So, it's grocery day once again. You go in confident with your list, prepared to tackle each department head on and even equipped with back-up options should anything not be available. You expertly navigate the wild jungle of the produce section, make selections at the meat counter with ease, and breeze through other countless aisles filled with dairy products, bakery items, dry goods, and more. But then, you reach the seafood.
The old adage "there's plenty of fish in the sea" is certainly true. And, depending on where you shop, there's plenty to choose from at the grocery store, as well. From countless species of fish to shellfish like lobster and crab and even octopus or squid, all those eyes staring you down can make you want to run for the checkout aisle with a seafood-less cart. But, you also likely know the health benefits that accompany this entire category of food, making it hard to pass up—seafood is known to be high in protein, omega-3 fatty acids (healthy fats), and full of other essential vitamins and minerals.
So, to give you a confidence boost for your next visit to the seafood counter, we've asked knowledgeable chefs and fishmongers to give their top pieces of advice. Read on to learn how the best in the business go about selecting their own fish and seafood, even including both where and when they choose to shop.
Check the harvest date
It may come as second nature to you to check the various "sell by" and "use by" dates which are found on grocery items like dairy and meat. But what you want to pay close attention to when buying fresh seafood is the "harvest date," says Beau Owens, executive chef at The Lazy Goat in Greenville, S.C.
The harvest date tells you when the fish or other seafood was caught, and some items may even have a "final harvest date" or "wet storage date" listed, which is the date it was taken out of the water holding tank to be shipped. "Most fish and seafood in general are flown or shipped in, and transported over a few days," says Owens. So, in general, the more recent harvest date, the better.
For items that are not prepackaged and tagged at the seafood counter—such as oysters, crab legs, or even something like scallops—make sure to ask the seafood clerk to provide you with its harvest information before purchasing.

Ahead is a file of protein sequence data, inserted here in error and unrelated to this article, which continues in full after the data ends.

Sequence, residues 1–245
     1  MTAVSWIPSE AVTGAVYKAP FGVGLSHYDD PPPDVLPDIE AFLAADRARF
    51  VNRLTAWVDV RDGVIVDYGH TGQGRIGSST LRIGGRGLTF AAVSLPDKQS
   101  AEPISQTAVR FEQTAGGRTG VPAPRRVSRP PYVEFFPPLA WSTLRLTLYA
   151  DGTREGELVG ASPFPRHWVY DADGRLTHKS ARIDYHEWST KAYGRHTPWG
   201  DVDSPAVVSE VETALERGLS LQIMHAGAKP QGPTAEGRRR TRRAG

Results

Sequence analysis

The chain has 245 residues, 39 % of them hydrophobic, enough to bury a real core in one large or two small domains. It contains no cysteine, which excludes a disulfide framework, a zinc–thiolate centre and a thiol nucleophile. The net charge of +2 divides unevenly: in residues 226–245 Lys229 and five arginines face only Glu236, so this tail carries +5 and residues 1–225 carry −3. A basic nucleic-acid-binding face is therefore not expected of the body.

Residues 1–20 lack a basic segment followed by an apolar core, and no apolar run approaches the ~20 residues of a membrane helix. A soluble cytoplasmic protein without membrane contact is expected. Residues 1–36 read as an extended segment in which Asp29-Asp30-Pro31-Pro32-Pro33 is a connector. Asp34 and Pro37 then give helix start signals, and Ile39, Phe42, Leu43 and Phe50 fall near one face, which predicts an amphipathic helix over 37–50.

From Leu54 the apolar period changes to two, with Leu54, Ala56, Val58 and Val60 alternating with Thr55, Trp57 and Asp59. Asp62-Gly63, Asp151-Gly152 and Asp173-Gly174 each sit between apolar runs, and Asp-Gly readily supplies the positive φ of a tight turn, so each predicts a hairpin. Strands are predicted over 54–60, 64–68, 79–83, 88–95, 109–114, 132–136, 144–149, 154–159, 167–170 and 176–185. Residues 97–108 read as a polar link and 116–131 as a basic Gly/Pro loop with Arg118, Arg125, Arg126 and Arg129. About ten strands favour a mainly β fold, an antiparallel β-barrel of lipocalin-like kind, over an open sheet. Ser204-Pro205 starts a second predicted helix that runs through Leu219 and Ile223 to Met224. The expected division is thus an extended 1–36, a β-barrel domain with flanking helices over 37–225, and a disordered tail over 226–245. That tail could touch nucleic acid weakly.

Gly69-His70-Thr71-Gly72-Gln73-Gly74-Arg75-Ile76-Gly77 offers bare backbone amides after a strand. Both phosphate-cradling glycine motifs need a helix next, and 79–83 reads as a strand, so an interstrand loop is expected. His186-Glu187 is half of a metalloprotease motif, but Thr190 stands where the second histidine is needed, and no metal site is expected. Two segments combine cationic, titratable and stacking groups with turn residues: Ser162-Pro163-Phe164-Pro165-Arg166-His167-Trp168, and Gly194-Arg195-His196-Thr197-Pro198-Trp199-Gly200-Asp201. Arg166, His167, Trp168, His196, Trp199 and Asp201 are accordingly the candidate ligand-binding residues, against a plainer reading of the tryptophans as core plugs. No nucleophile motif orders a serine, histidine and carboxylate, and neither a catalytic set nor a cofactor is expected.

Look for aquaculture certification
At the seafood counter, you may come across labels that say either farm-raised–meaning it was bred and harvested in a controlled habitat—or wild-caught, and wonder which is better. Both have their pros and cons, but Owens recommends reaching for farm-raised varieties "because there are strict standards set in place for the product."
Specifically, you should look for farm-raised fish and other seafood sporting a Best Aquaculture Practices (BAP) Certified and/or a Aquaculture Stewardship Council (ASC) Certified label. These certifications indicate that the seafood was both sustainably and responsibly farmed.
Pay close attention to smell, eyes, gills, and texture
Although it may seem a little strange, Owens adds that you should test the waters and ask to hold the seafood. "Fish should be firm and smell like the ocean," he shares. On the other hand, he says "shellfish should not have any fishy odor, and it should be free of any oily substance that feels slippery. This is a sign that the product has started to break down and will sour soon."
In addition to a mild smell, chef Charlotte Langley notes there are a few other dead giveaways that your seafood is quality. The chief culinary officer at Scout Canning and chef ambassador to the Marine Stewardship Council (MSC) says to look for clear glassy eyes, red gills, and look closely at the texture. "When fish is fresh and handled with care, the filet has little to no cuts, tears or rips," she says. "As it ages, the fish becomes more waterlogged and splits along any lines that were cut quickly."